Newspaper of Burlington Free Press, February 16, 1838, Page 1

Newspaper of Burlington Free Press dated February 16, 1838 Page 1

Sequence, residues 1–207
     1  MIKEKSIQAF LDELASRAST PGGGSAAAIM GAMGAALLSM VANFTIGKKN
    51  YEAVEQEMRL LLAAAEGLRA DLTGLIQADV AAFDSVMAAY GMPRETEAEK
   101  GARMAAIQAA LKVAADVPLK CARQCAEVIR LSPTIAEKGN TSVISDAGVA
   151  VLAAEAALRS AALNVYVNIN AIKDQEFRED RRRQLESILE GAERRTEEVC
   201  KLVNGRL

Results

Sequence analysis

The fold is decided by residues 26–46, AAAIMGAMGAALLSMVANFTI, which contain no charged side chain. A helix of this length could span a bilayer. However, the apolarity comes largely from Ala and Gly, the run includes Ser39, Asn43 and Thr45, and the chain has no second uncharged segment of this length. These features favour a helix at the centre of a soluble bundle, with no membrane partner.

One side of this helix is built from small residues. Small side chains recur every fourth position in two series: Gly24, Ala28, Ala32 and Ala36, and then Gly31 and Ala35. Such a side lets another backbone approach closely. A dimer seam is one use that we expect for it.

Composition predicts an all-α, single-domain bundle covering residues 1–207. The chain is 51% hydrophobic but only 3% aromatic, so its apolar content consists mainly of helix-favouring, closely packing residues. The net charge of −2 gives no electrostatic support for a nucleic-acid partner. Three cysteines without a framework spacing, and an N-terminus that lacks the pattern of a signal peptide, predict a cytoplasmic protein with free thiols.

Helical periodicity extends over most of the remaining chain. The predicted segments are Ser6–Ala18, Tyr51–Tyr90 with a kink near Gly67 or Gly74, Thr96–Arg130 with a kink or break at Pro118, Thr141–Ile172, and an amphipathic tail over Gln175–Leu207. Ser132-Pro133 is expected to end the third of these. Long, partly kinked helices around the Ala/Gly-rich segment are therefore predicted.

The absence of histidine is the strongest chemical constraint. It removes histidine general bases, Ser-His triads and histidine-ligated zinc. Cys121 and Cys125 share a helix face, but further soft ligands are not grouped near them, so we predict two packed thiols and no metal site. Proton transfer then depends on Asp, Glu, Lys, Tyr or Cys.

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xliu NOT T II E BY II. B, STACY. FRIDAY, G h O R Y O F C At S A It 11 V T T II E XV E h F A HE O F U M E. FEBRUARY 1, 1838. VOL. XI No. fififi STATISTICS. PcNRtdNun Tho whnlo number of pensioners in i tie United States is 41.708 Of these. 2M0 are in Maine, 2,037 in New Hampshire, 43J1I m Massachusetts, 2535 in Connecticut. 904 in Rhode Wand, 2497 in Vermont, 8G3G in New York. 1 ICO in New Jersov, 2019 in Pennsylvania, 41 in Delaware, 457 m Mnrylnnd. 54 in Virginia, 1430 in Ninth Carolina, 013 in South Carolina. 53i in Georgia, 54 in MiPKiitippi, 379 in Alabama. 72 in Louis innn, 205ft in Teiinessee,C2G5 in Kentucky. 2304 in Ohio, 70 1 in Indiana. 322 in lllm oii, 263 in Mis-ouri. 21 in Florida. 25 in Arkon-as, 175 in M ichigan.,5 in Wiscon sin, 142 in Ditricl of Columbia Tie number of pensioners nddeil in I lie list from Oct. 21. 1J6, to Oct. 21, 1037. was 211 1. Deaths duruirr onino period, 1045. The Salt Manitactuiu:. We have received n copy of the annual report of th" superintendent and inspector of suit in the county of Onondaga. From this dncuuient we learn that the quantity of fall mannlnc turcd during the year was 2 IG1 2118 bn-h-els; of which 1 124 G72 bushels were made at Salinas 350 21)7 bushels at Syracuse: 400 097 bii'heh) at Liverpool, and 272 232 bushels nt Geddes. The number of inniio. factories in the county is 139. of which 73 oru at Siilma. 19 ni Syracn-o. 20 at Liver pool, and 10 at Geildes During the year three new mntiulacinries were erected at Sulina. three at Syincnse. two nt. Geddes. ond one nt Liverpool, containing altngei her 350 kettles. During the yemgl29 077 20 for dunes were collected, of which 115 081 113 were paid into the state treasury Veto York Com. Jldv. Property in New York. The New York Journal of d'lninerco gives an nb struct of a return to lite Legislature of New York, ol the Real anil properly in that State. It says ; '-The whole iniouiit of Real E-tnto, is $19H, 430.051) and of Personal Properly 122,. 021,033. Total 022,004.523 : of winch, 2G3.747.350, (almost halt) is in this cii. In 1830 the valuation win $539,750,874 real o-tute, and gl27,C39,4i!G personal estate. The vrIuuiiou lor JNew YorK i.,iiy and County for lliai year, wns 233,742, 303 real estate, and 575,758,017 persons! estate." Pennsylvania Improvements. From auiheniic reports, we find thut Pennsylva nin ha already exnended, in public and private works, for Rail-Roods rud Canals, 442. 800 000. The Stult has constructed 591 miles ol Canal nt Hie cn-t 111 round number.- ol v$l5 000,000 The Columbia and portage Rail mads of 1 10 miles lo cross the Alle gunny Mountain!', are in complelejopero lion, with I I inctioi'.d pinner, at an expense of 5,000.000. Pcnn piper. Massachusetts School Report. Tbi" valuable statistical document of 300 pages is just published. No. of schools 2918: No. of scholars 204,720, out of C9I.222 inhabitants in the stale; No. of scholars between 4 and 10 years of oge 177 053. Amount of money raised by taxes for schools (J405.22804. and of laxes for teachers 387 124 17. No. of acade mies and ptiva'e schools 854. Commerce of Boston The foreign arrivals at the port ol Boston lor tho yenr 1837, were 232 ships and barques, 552 brigs and 805 schooners. 1 ketch and 1 galliot total 1591 -slum og an increase on the previous year of I8G sail The coast wise arrivnU were 4000. The lotul clearances 3887 of the foreign clearances, 071 were. American. 083 English. H is said I tint there are in London at the present lime 4700 public and ale shops 3000 tailors 2800 bout and shoe makers-2500 at'nniey 9.000 hi kers--1700 bulclieis- 1000 scl Is 1000 grei n grocers 1G00 apothecaries. -1100 barristers--1000 cheesmongers 1000 coal merchant 490 pawn brokers 450 fi-ii mongers 400 confectioneie, and 250 phys icians. Indian Statistics, Wc learn from official decnteiiis 1 tint the Indians now cast of ibn Miissippi number 49 305. Of these the following are under treaty stipu lations to lemove west of the Mi-sissippi: The Wiuinbogoea, 4 500; Ottnwns of Ohm, 100; Hoiinwntoniies of Induum, 2,950; Chippewa. Otlnwas, and Pitta waluinies. 1500; Cherokees. 14.000 Creeks. 1.000; Chickn-aws. 1000; Semi nolef 5 000 ; ApiiUrlucolnri, 400 : ()nw as and ClHonewns in the penite-oia nf AI'clii nan. G, 500 total number 3G 950. Those not under treaty stipulations in remove amount to 12 415 as follow-: New York Indians, 4 170; Wyandot 575; M.ainies, 1,100; Menunionies, 4000: Onuwus and Chiupawns of the lake-, 2.5G4. The number nf Indiana who have fim'r arauied from the casl to the wesi of the Mississippi is 51.327. viz: Chicknsn we. 549: Clnnnowas. Uliawaanit rntiowata mies, 2.191; Chnclaws 15.000; Quapaws 470; Creeks, bemitinles. 4U7 ; Apnlacln colas, 205 ; Cherokees, 7 911; Kickapoos 588; Delawares. 280 ; Shawnees; 1,272, Ottawa-, 374, Wens. 222; Plnekeshows; 1C2:--PeniiBs and Knskaskias. 132; Pot I tawatamies of Indiana, 53 Sericcas and Shawnees, 211. The number of the indigenous tribes within striking distance of the western frontier is 231. 80G. to wit; Sioux 21.000. Iowbi, 1.500; Sacs, 4.1100; Foxes. 1,000: Scs nf the Missouri, 500; O'nge ; 5,1 20; Kaiizas, I 000: Omnhas, 1 .000 ;Oine- and Missourias I 000; Pawnees. 12 500; Cam ancties. 19 ?00;Kiways, 1,800; Mandans, 3,200; Quapaws, 450 ; Minatareos, 2.000; Pagans, 30,000; Assinneboins, 15.000; Appaclies, 20 280; Crees, 3,000; Arrenn- lias, 3,000 ; urns Ventrees, 1G 800;Ku- laws, 10VUUJ uniwr, T.I.'UU; Unddnes, 2,000; Poncas, 900; Arickarees, 2,750; Chcveunes. 3,200; Blackfect, 30,000. The whole number of the Indiana nboVe enumerated is 332 498. A.-siiinitig Hint every fifth one tuny bo cnu-idered a warri or, thn number of their fighting men is G0.409. JV. Ir. Cam. Mv. Iitisii National Schools It appears according to a return made, soma months "luce, of the children in the National Schools in Ireland that the number dti. tingiiis-hnig the children of Protestant from Ptot. Caih. Ulster, 14,027 22 337 Mnnoier 154 19 123 L"iustcr 701 35 3111 Coiinaiight 277 14 080 Total in Ireland 15 7G2 90 8G9 Sleepino i.n ciiukcii. It is a tnntter of record, thut nboin one hundred years ago, an Indian va- conJucied by a i!i,-creet hurgees to witness the services o the sane luary on the Lord's day. When llue services were ended, the citizen, on their way homewards, in order to impress upon his tawny friend the superiority of CliMf.1. innity over heathenism, entered into a detail ofthn money appropriated by the congre gation of which he was a member, for the support of public worship, the erection of the houae, the sulnrv n the minister, &c. Tii nil this, the son of llm foreM, who had observed the drowy dispo-ition whinh nervaded the nsseuibly, replied, "Ugh! Iiidinn sleep just as sound under a tree, and not pay uuy I lung !" TEMPERANCE TRACTS, NO. 1. Aiu Woodman, tpare that tree. "TIiph Duck Wnl'iippciB me ofieii fiiiiml on i'ic wli.o ps, itoride nf mm c.i-k.j, ami itiiliiliinj llii-ir i'iiiiipiiIs In nifi.iiH ill" Klrnw stirkcr." N, Y. Correspondent of the Madiaonian, Limfpi , that c.ii( I Sin k inn a iltiip of ginl Foiro iliv wUli, iini'il.iie Cuiiiiinl tins ile.ully Kin. Kninv, li:i fi-i , ih il die r,i-k 'I'limi litle-i fire of lull, Is imulil Inn ilf v it's h.iii, r gin lu rnaic tlic suul. Tliniili rngspil, fihliy, vile, UlllM''l III tO Il III' t'Ollll), will il' 1 1 dir-il.iin To Iiimt vmir spirit home. TIipii dioi rii.ivv and fly As il'fW life, I ii"k H,iip ' flpp ! imr tamper with The tpiiit ufilie c.ik. When 1I1011 ucrl lint a hoy, Whli tender, aiotinus cue, Thy f.ulier wmnril dice ofl l)f ttingo to heivriie Thy cnnreipnee now h feared Hy in.iny yearn uffin, Yet iai ! pe i-li'ill tliou find lis tting-go deeper in. ' f!n, loafer ! Ic.ivn llie dock, An'l toiler, ieniieraie, live If e'er in want, roine heic, And I will succour give. If leinpipil e'er aj.iiii Your wnPH in in in iliown, Touch, lame, ma h indle mil, UiH ilnuw llial sucker down. Cold Wateh. New Yoik, 27ih January, 1S38. THE GAM II LRU'S FATE- Another glat-s ol Uurncoa end then fur Si. JamuV," aul Russell 10 his friend Has vour lengthened residence 1111 the com tneni imbued you with much taste fur cane or roulette. "No," replied Melvil, "ever opposed. bo'li hy inclination and education to the vice nf :niuhliiig. I linve stiidioti-ly avoid I the magic circle 111 which the fickle goddess enthrals her votaries. Surely you do not play?" Very little," responded Russell, care- less'v, "and ineiely for amusement ; to night, however. I have a- 1 told you before, an appointment to be kept. You will ac- cotnnany me, I hope? you need not play." I it part with each other so boon, and after so long a separation, with sn much to talk about, and so many friends to enquir.; lifter, requires more philosophy than I can boast nf possessing; so ns your appoint ment must be kept, and I have no fear of my resolution failing in one night, I will accompany ynu. Were 1 superstitious. ihoueh, 1 i-hutild not do en ; for 0 scotch nrofessor of second sight once told mo that I should bitterly rue the action did I ever cms-) the threr-hold of 11 gambling I'nuse." Russel smiled sarcastically. "Pos-tbly 'eur nich seer spoke from experience Who knows tair that some cunning duel had wnn a grout from lino at a fair, and he thought the like might hap to yon ? Nev ertheless. I thoiild like to understand thi second sigln, ns yon phrne it. very well, seeing tint it would prove on able auxiliary at hazard." The Curncoa was drunk, the cab order ed, and llm scene was changed. One hour afturvvatds he wai deeply engaged in t lit mysteries of play, and Melvil occasionally looking on, and anon chatting with some lordliiigs to whom his friend hnd introduced him, patiently awaiting llm termination of an nrniif etnent for which he entertained no small degree nf distaste. Russel won largely. Seated at the same table with him wa one of those professed players who nightly haunt the gaming table. lie was a man of nnddli1 nge, nf gentlemanly man iters, and seemed well known to thnso bv whom hn wns surrounded. "What, losing again ! night, Mawkes?" said one nf llie hy'anders, addressing htm wn have descnbed "This is bad: ynu linve lost night's losses to repa alremlv." "True," replied the persun addressed : and nftdvil. well versed in human nature, noticed a peculiar ininnatinu in the voice of the speaker, which displayed fierce inter nal agitation of mind, although to a com niun observer it might have been imnr ceptible. "True," I must; and you will soe lliai 1 tnnit win presently." Indeed !" exclaimed the other, "well, well, wo shall see that." In effact the prophecy of the player ap peared magical lor atiou the luck chatiL'ed Rnssel's high pile of gold dwindled rap idly away : each successive throw of the dice contributed materially to reduce it, whilo that nf Ilnwkes speedily became the larpesl on the board. 'Rusel.' whispered Mclvil, 'leave this dangerous pastime, the luck you see has changed,' 'And will chnnge again,' replied Russel 'I know my adversary well ; good fortuno rarely nbid" with linn.' I am clad to hear ihnt ynu know ltim,' replied Melvil. gravely, 'for really 1 hnd susnecied snme foul play. Pray, who is he ?' lie is a man nf good family, nnd one of largo properly, all of which ho has di-iinn-ind at piny. Ho married IJI.niehe Yan, he with whom it was said hy village giw. sips, you once had an nffttire de itcur in early life.' 'I don't recollect her.' snid Melvil. 'Not recollect her,' snid Rusel engerlv. 'not recollect her? Why. Melvil. I could nluiOfl feel templed to say that the lack of memory w'iik intentional. Not remember B'nneh'e Vine ? .-tie whom wc used to col' beautiful nianche?' Melvil colored slightly. A crowd of recollection-! pressed to Ins heart, but they pasnd nwny with llie moment they were engendered; there was a little rounnce in his own bosom. 'I th remember Hint cog noinen.' he answered coldly as he turned nwnv from the table. Hall 1111 uuur elapsed ere IYIclvil again approached. The gambler's lace wns fliti-hetl with success ; that of Russel wa pnle and dieluibcd. Hu had lost very con stdernbly. 'One more throw for double 6takes,' cried he, 'and I have done.' 'Agreed,' replied Hawker. Melvil with some difficulty made bis way to the opposite end of the table, nnd wnlch cil with engle eye Ins every motion. They threw nnd Ru-el lost The scarlet blood mounted 011 Melvil's brow; he suddenly bent forward, and violently seized the wrist of Mawkes. 'Contemptible scoundrel! you have dice in vour sleeve." Univorsal confusion followed, and groups of per-ions flocked lo the table. While Mawkes proudly shook off ihe grasp of Melvil. and bared his arm calmly, saying 'Prove your charge, sir.' This was impossible : and although per. fectly satisfied himself ns to the truth ol Ins allegation. Melvil was obliged lo ac knowledge he had no means of sustaining it. Mawkes demanded his card; it was given. 'You arc wrong,' whispered Russel: 'you had bettor apologize; he i9 a capital shot.' I was nol wruii", nod I will no I opulu. gize,' answered Mclvil, quietly. Ere the latter had left the room, n meet ing hnd been arranged fur tho following morning, by Russel and some friends ol Ilnwkes. Five persons met, early on a damp, mis ty, gloomy lo iking morning, in IJattersea fields; they were iho duelists, their sec ends, and a surgeon. Mclvil was cool and collected. 'Russel, if I fall promise to give up for ever your fearful pursuit.' 'May heaven avert such a calamity ns your hetng wounded even ?' 'Will you promise to mo what I have asked ?' I will do more: I will swear !' answered Roel. Toe ground was soon measured the combatants look Iheir places the signal was given and as previously arranged, both fired together. Melvil remained un hurt ; the gambler fell. God' jaculated Melvil, "I have destroy ed hint !' They rnhed on to tho fallen man. and while his second raised und supported his head upon his knee, the surgeon examined the wound. It wns in the left side, 'Spcnk s'leak !' exclaimed Melvil, 'am I a murderer ?' Fly, lly wiih your best speed, gentle men,' said tho surgeon ; 'the wound is mortal ; he cannot live many minutes.' As the pnii-uncd arrow of the Indian warrior festers in the wound of his enemy ; so did ibis sentence enter into the verv heart of .Melvil. nnd there fester and cank er his hoper, of future huppiness. The dy ing man heard the reply with assumed I'orti Hide. It is well,' he snid faintly, "nay, i' iu?l. Ynu,' uitire.sMng nieivii, 'ynu were right : but hear my ju-iifintiiioii. Mich as 11 u' hnvo a wile children ; I shall never see 1 hem more. I lovrj them belter Ihan inv, elf. A run of ill luck had left me penny- less, and llieni starving. Desnernlion fi'leil my hnsoiu.atid I determined, Miould foriuue feserl Die, that I would ensnare her favors by employing means which I had nut so much ns dreamed of.' 'He is dying 1 said the 6urgcon; 'fly fur your lile; gentlemen.' lie who supported the head of Ilnwkes, lowered it gently in Ihe grnss, and di-np. pearetl neither of the others moved. The million of Ins head appeared lo muse the fast fading recollection of the unfortunate lueltst out Ins mind wandered; Blanche, my wife my sweet heart another choneo fur lliy snke! Throw throw -no' give mo the box. Down go the dice ah ! deuce ace tho game is up!' A convulsive contraction of ihe litnhs followed then n slight shudder, and the gambler 'slept tho sleep which knows nn waking. Russel and Mclvil made a lour to Swit. zorland together. Doth were melancholy the former for a season, tho latter for ever. The Female Eve. A modern writer gives the following enumeration of a female eye: 'The glare, the stare, tho invitation, lie defiance, the denial, the ennsent, the gauc" 01 inve, uic Misli ol rage, the spark liig of hope, iho langnishtneui of softness, III' sriliint ul'susillciuil. llm firn of innlnuyv. anl the lustre of pleasure.' A FLEMISH COURTSHIP. 'Coot afternoon, my worthy friend Kro r ' 'Coot afternoon. Iliirfrnmnnter ! Thla Ij kond nnd iie'ghburly. Walk in Kilty's in tie tuck parlor." in eotim to court Kttlv ; Kittv is notcc; I M" Kitty. 'Veil, Hint's plain nnd honest; vnu nevr told this before, Mynheer? I'm 1)1' wet In nr il u-ll; ill. mv mr ' (uffVmg his arm.) ' llitnik ee. I'll do vera well without your nssis nnci' ; lend lorwnrd ; hnw noice" the pig' ;nnl ling io ills, Mynheer I' Vaw. they were made by Kitty: here she is. Kilty the Rurrromnslpr ! ISumo. inastnr Sehlipiienbaeli. You will exem-" me for five minutes ; I see a customer in the shun.' 'Li. Mvnheer Burgomaster Scblippcn back, what nn unusual plensurc !' 'I'm coom n courting. Kilty.' 'A Courting ! ard to whom, pray ?' 'Til MVPel Mlj If nit- !w..i,..r ' Oh, -ir. you dn toe much pride!' and -he drew herself up n fool high. 'Yaw, you are vera proud ; you mustn't h proud whun you inarrv me, sweet Miss Kitty.' Oh. no. I'll b" any thing ynu wish me, dear Mynheer SehliiipeiilMch.' 'Thai's n good girl; gout by I'll come again to morrow.' 'Arc you going so 6nnn. swccthcari ?' 'Yt:w. I moosl go, now I have finished courting you; gout day.' 'Well, slay, my dear sir, hero arc snme of the hogV puddings I heard ynu praisinr;; you'll like them, I know you" will ; here, put Idem in your pocket, and here are -one sausages from Bologna ; thorc, they ju.-l fit Ihe oilier pocket.' 'Thank'ee goot by; but sny, Kitty, give me a kiss (bus-) goot evening.' And away went the swain, who had begun a love affair as he would have begun a bargain for a cargo of Dutch Mackerel. Interesting to Beaux. The N. II. Gazette says that the ptosent practice ot wearing long huir among tho dandies, originated with a State Prison bird) who wished toconceal his cropped ears. 'Teddy mv boy, jiss guess how many cheese there is in this ere bag an' faith I'll give you tho whole five.' 'Five, In be sure.' 'Arrah bo my sowl ! bad luck to the man that tould ye.' Some nne at the 6011II1 has got up a new patent medicine which ho calls.lhe Balcat,) nf thought.' Porhaps it would be well 10 mil some of it upon the upper slo ries ofiome of the editors in that direction Excerpts, from the Chckmaker, or sayings and doings nf Samuel Slick. "Society i something liko a barrel of pork. I he meat that's at tho top. ir -otnetitaes not sn good as thai tlint's a little grain lower down, thn upper nnd lower '.ends are plaugy npt lu have a little taint in 'em. but the middle U always grind. 1 1' a man don't Imc his com, and hn don'i get a ctop, be says 'tis nil owing to the Bank ; and if he runs into debt and is sued, why ho says the lawyers arc a curse to the country. We can do without any article nf luxury we've revur had, but when once obtained, il is not 111 human natur to surrender it voluntarily. Whru a feller is tno lnzy to work, he pain s Ins mine over Ins door, and calls it a tavern, and as like as not he makes tin; whole tipi'hoorhiiiid as lazy ns himself. When I see a child. I always feel safe with the-c women folk? : for I have always found Hint the road to a woman's heart is IhroiiL'h her child. Never l:ll folks you con go ahead of 'cm. but do it. It spares n great ileal of talk, and helps 1 hem to save their breath to cool their hnek. Politics makes a man ns crooked ns 0 pork does a pedler; not that they are so uwful heiiy neither, but i! teachen a man to sloop, 111 the long run. TherVn plniigy sight of truth in ihem aie old proverbs. They arc dinlled facie 'leane d down to nn essence. They nro like pnr'ahlo coup nn nunizin deal o'matter in a Miu'l compass, Tuey are a true as n plum liu), and asshorl and sweet as sugar candy. When you've ino many irons in iho fro, some on 'em will gel stune cold, and t'other ones will get burnt, and so they'll never br no good in nadir. Now'j iho time to lam, when you are young. Sioro your mind well, and the frngrnnco will remain long nrier the rose has hheJ Us leaves. The oiler of rose is stronger than the rose, and a plaugy sight morn valuable. N.itur is nnt nr. wherever ynu find it in rag or 111 King's robes whore the butter is spiead wiih Hie thumb, as well as with the silw knife. All folks that grow up right off like a mushroom, in one night, nro apt to think no small beer of themselves. Nothing sets up a woman's ppunk like calling her ugly sho guts her back right up, like n cat when a strnngo dug comes near her; shu's all eyes, claws and bristles, Make a farmer nf him, and you will have Iho satisfaction of seeing him an honest. independent, and respectable member of snctety more honest than traders, more independent than professional men, and 1 more respectable than either. POLITICAL. From tho franklin iMeitener. To Martin Van Buhbn. Sin The promise I made ynu in my Inni to write yon ngam soon, I now take the liberty lo fulfil. I was faithful to vou in prnsporty, and in adversity wi'l not desert you. and ynu shall realize Iho truth of the saying that there i a friend that stickulh elisor than 11 brut her. I will however, no furt her upbraid ynu, until I have pointed out as clearly and as coolly as lam able in what yiu have so grie.vonly oflVndcd In order to do ibis we must take a bhort retrospect of thn past. When South America revolted we were it pence with Spain. Her colonies tired of foreign r ti 1 0 rose in nrnis against their oppressors, nnd nitr citizens lent their oid to the colonies. Munitions of war in large qontiiitie!- were purchased in nur country and shipped to Smth America, while many of our citizens actually engaged m the con test. Spain complained, but they were told the net of 1 he citizen was not the act of the government. When Greece, revolted, wo were nl pence Willi Turkey. The coolest wns long nnd bio uly. nn. I 1 he whole sympathies of the people, were enlisted for the land of the pbllo-npher nud I hi? poet. Doiintlong were collected for Greece 111 every part of the nation. Snips, clothes, provision nnd 11111 nitioiis ol war, were sent them in large q'lniu'Uies. Even in Congress sir, they mustered courage enough In express an opinion on the affairs oi Greece, nnd yul we were nt pence with the (irand l urk. When Texas revolted we were at pence with Mexico, Our citizen) engaged with spirit in the- conte.-t uiunitiuns nf war were supplied them men were enlisted in every part of the South for tlieTexian scr vice, and every effort was made lonnl their cau-o The contest wns principally car ried nn, and the revolution effected by American citizens. You. sir, was then high 111 authority, and had your share in ibi national councils. Mexico complained, hut what, was done by the governmntit ? Did the admnislraiion nsk for more severe ennetnipnts, in order lo enable 1 horn to stop our citizens who were going to Texas? Were the militia called out, nr did any ol nur Governors trot like Marcy and Mason about their respective stales to prevent our ciiizons from interfering in the rebellion of Texas? No, the President issued his proc lamalion nod sent his circular to the officers of the government, and this ended the mat ter. These revolutions have been gomg nn for nearly twenty-five years, and has our government during the whole of that pe ed been treacherous in its policv has it been violating the laws nf nations, and Iho obligations ot treaties, and giving just caiis of war to Turkey, to Spam, and to Mexico.' it this is true, ihun we hove had for more Ihan twenty. five years the most landless uoverniuenl upnn earth. Where was you sir, during the Texan content? You wns high 111 office, high the confidence of the administration and the people, and if the course of the o-nv ernrnen was wrong, why did not you come nut upon ihe subject. Why did you not express your views wuli regard to the in terferenco of our citizens and the dutte of tho administration lean answer fur you, you were loo bii'ily engaged in those pittlul political intrigues uy which you ob mined your present elevation lo nl tenil to the concerns of the country. The pcoplo of llie south had set their hearts on Ihe independence of Texas and had you taken any mea-urus to prevent 11 yon might have lost a vote for the Presi dency, and tins with you was sufficient In outweigh any other consideration. Thro' all these revolutions our laws have re. inained the same, and our government has frequently declared that they had done all they were hound to do to preserve our neutrality. Tins at last, o far as it relates lu Texas' ynu have sanctioned by your, s-Heiice. It these declinations were true if nur government had done its duly by other nations, why dn inoro lo fuvur England? If the old law did cmw up to the mark, why go bvoml it nn her account? Do we owe mure In England than to other Counlrie.-? IJ the law of nations to re ceive one construction where England is interested, and another where it concerns Mexico, or have wo any treaty with Eug laud that binds us to assist her in main laming bur bwaynver her colonies? Why have yon been calling for stronger laws, nnd pulling ihn con 11 1 ry to such immense expense, to aid her gracious majiy ihe Queen 111 her contest with her subjects? We may make the best answers we can lo ihen inquiries, hut the whole civilized world will entertain but one onini.iu upon th'jsuhject They will believe your con duct proceeded from cowardice. They will sny Mexico wns weak and yon could beard her courageously, Enelmul wns strong and you truckled to her. You may not. feel this as degrading in the least. Not so with Ihe people iheui'olves, ihey wll mil like Ens-tern slaves pm-irate themselves before the twaddling Queen nf Eii"lnnd, nr meanly Btoop to kiss the footsluul of tier throne. Bui you must bo well aware that a citizen can never violate our neutrality or brenk our treaties. That must be thu net of ihe nation in tho national capacity. It is however tho duly of thn government in hnvo such legislative enact menls as wilt ennhlo them to perform the obliga'ions impii-cd upon tho count ry by existing l rem iis, and the laws of nations. Those cibi7 regulations nur citizens may violate, but they cannnt violate our neutrality. If our gnirmmeni neglect to pass tho laws necessary lo preserve our neutrality, they give to surrounding nations juit causo of complaint against us. and if any are injur ed bv such liei'lect thnv hnvn trnA.l ninaA of war, In your special messago to con gress asking for morn powor you say the existing laws are insufficient lo enable ynu in maintain the neutrality of the nation, if thn position you lake is correct, then the Government has grossly neglected its duly to Mexico, and she has just cause of war against us, arid should she declare it to morrow, she could justify herself to the world by your own message. Do nisi ico then by Mexico, and if you have nut the firmness to save us from the disgrace nf truckling to n stronger power for Heaven's sake sivo us from the inoro lamning disgrace of trampling on n weak one. lint i nave no tear ot a war wun Mexico, fur the consequence Ito Ion near the surface for even you to overlook them. Mexico it M trim has no ships ot her own, lint in case of iho war, the little picaroon ot every nation would at once engage in her service. Hundred! of Engli-h priva leers sailing under the Mexican flag, with ner, would prey upon our commerce. and nearly sweep it Irom tho ocean. You would no dnubt complain lustily of British interference but wliai answer would you gel ? If my subjects choose lo sail under the Mexican fhg, that is their business not mine. I shall not like you to go to war with my people, to prevent them from engaging in your wars, hut if you can caich 1 hem you may have them. This wouhl be the answer you would get, and 11 would place ynu in so ludicrous a position before the nation that you dare not risk the consequences and we shall have no war with Mexico. You have no dnubt made your calcula tion of the effect your present course will have on your popularity, and with your accustomed enre have east tho chances of a second election. "You linve missed your figure this tune J)r. Conjuror" or I am greatly mistaken, and the first moment I have leibure to look over your castings will point out your mistake. I shall for a short time have some others on my hands, but believe me when I assure you, you shall not be forgotten for a moment. I am vonrs Ricnzi. HARD MONEY GOVERNMENTS. Norway. The peasantry live on bread and gruel, both prepared of oatmeal, with an occasional intermixture of dried rich. Meai is a luxury they rarely enjoy. Sweden. The dress of peasantry is prescribed by law. Their food consists of hard bread, dried full, and gruel without meat. Denmark. Tha peasantry are still held in bondage, and are bought and sold to gether with the land on which they labor. Russia. The nobles own all the laud in the empire, nnd thn peasantry who resido upon it are transferred with the estate. A great majority have only tocages, ono portion of which is occupied by the family, while the other is appropriated to domestic animals Few, if any, have beds, but sleep upon bare boards, or upon parts of the immense stoves by which their houses arc warmed. Their food consists of black bread, cabbage and other vegetables, with, out the addition of any butler. Poland. In Poland the nobles are tho proprietors of the laud, and tho peasants are slaves. A recent traveller says. "I travelled in every direction, and never saw a wheaten loaf lo the eastward of the Rhine, in any part, or north Germany, Poland, or Denmark.'1 Tho common food for ihe peasantry of Poland "Ihe wotking tnan"is cabbage and potatoes; some times, but not generally, peak black bread and soup, or rather gruel, without tho addition of butter or meat. Austria. Tho nobles are the proprie tors of the laud, and the peasants are com pelled lo work for their masters during day, except Sunday. The cultivators of the soil are in n state of bondage. Hungary. The nobles own tho land, do not work, pay no taxes. The laboring classes am obliged to repair all highways and bridges, are liable at all tunes to have soldiers quartered upon them, and are compelled in p iv nno-ienth nf the produce of their labor to iho church, and one-ninth to the lord whoso, land they occupy. France H"re the credit system is just making its appearance. It has been, and perhaps now may be. called a hard money Government. Of the people of France, seven and a half millions do not cat wheat or wheanui bread ; they live upon barley. rye, buckwheat, chesntils, and a few poia- toes. I he common wages of tho hired laborer in France is jJ17 50 for a man, $18 , lor a woman, ui.uuaiiv. l lie tuxes upon them are equal to one fifth of its net produce. The Sub. Treasury scheme, an untried scheme in tho New World, but a tried scheme in ihe Oid World, whero the nobles, the privileged classes, (corresponding with the ofiice-lmlders here) have all' the gold and silver, it is now proposed to try upon the svorkmg classes of the United State, so as to make this a hard money Govern' menl ! Unless Ihe pcnple arouse, these ollice.holders possessing all the gold and silver, will mako themselves Ihe nobles here, as are the nobles in Europe, and thus fix 11 (in 11 us a gigantic dcspoii.-m that no human power can throw of'. They call this scheme of llieim that Ihey arc import ing frnm Denmark and llusiia, a divorce of Bunk and Suite, when it is a gnldnn union of office-holders and the public Treasury, Gi.nnv and Reform ' The Govern mem pv-moidilures in HUH. under thn Ad. ministration of Mr. Adams, amounted tq d ;nn 000. Tho Government exnendir. ures, in the first six months of 1837, undep ii combined Administrations of Jackson nnd Van Burcn, is $1 1,600,000, or $33,v '200,000 per annum ! This is tho rale at which tho Penple aie paying for thejr Van Buren whistle! v